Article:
SDF Founder John Dalley, Soi Dog Foundation, Phuket



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Bangkok smog: Police on the lookout for dirty exhaust from vehicles

The Thaiger & The Nation

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Bangkok smog: Police on the lookout for dirty exhaust from vehicles | The Thaiger

by Khanathit Srihirundaj

It’s either a knee-jerk reaction, media stunt or something we hope to see a lot more of.

Checking vehicles with plumes of dirty smoke coming out of their exhaust.

To help curb fine-particle dust pollution in Bangkok, traffic police have increased the number of checkpoints where they will check vehicles spewing black exhaust smoke.

The number of checkpoints was increased on Tuesday to 20 from the previous 12, leading to 1,000 vehicles being cited and fined, traffic police commander Pol Maj-General Jirasan Kaewsang-ek said on Wednesday.

Jirasan said diesel-engine vehicles were the main culprits, along with too-old engines, and they together made a large contribution to the 60 per cent of the polluting PM2.5 particulates that were attributed to vehicle engines.

Police are putting an emphasis on removing the exhaust-spewing vehicles from the most pollution-prone areas such as Bung Kum and Chatuchak districts.

As there was insufficient staff for the checkpoints, police would ask that some officials from the Pollution Control Department be assigned to aid them during this period, Jirasan said.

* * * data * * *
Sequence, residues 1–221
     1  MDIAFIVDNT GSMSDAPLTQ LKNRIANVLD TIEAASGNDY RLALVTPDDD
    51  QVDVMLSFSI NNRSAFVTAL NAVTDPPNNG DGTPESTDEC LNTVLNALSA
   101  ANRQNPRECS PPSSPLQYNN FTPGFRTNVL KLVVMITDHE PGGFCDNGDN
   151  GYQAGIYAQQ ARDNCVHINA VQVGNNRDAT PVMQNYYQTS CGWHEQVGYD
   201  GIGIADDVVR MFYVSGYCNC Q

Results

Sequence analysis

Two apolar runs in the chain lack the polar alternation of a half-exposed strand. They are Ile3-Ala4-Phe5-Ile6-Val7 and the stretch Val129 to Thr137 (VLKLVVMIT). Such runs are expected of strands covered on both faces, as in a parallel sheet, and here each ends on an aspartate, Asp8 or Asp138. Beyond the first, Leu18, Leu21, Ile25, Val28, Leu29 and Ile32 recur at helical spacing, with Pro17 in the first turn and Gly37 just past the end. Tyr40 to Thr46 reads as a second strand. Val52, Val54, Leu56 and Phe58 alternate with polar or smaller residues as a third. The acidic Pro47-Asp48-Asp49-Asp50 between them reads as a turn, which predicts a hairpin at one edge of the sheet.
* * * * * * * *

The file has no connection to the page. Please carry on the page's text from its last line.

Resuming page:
In future, police may impound the vehicles or suspend the vehicle’s use as a more severe punishment, he added.

Bangkok smog: Police on the lookout for dirty exhaust from vehicles | News by The Thaiger Bangkok smog: Police on the lookout for dirty exhaust from vehicles | News by The Thaiger

SOURCE: The Nation

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Bangkok

Bangkok smog: Chatuchak school closes for the rest of the week

The Thaiger & The Nation

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Bangkok smog: Chatuchak school closes for the rest of the week | The Thaiger

A kindergarten in Chatuchak, to the north of central Bangkok, has suspended classes because of air pollution that has landed Bangkok in the top 10 list of worst-polluted cities.

Bangkok still lags far behind some of the world’s most polluted cities, including the Afghani capital Kabul (at 576), Delhi in India (306) and Mongolia’s Ulaanbaatar (300). But the Top 10 worst air-pollution list is not the list Bangkok wants to be in.

Bangkok and Pattaya remain in the ‘unhealthy’ or ‘unsafe’ levels today whilst some cities in northern Thailand are also suffering with poor air quality.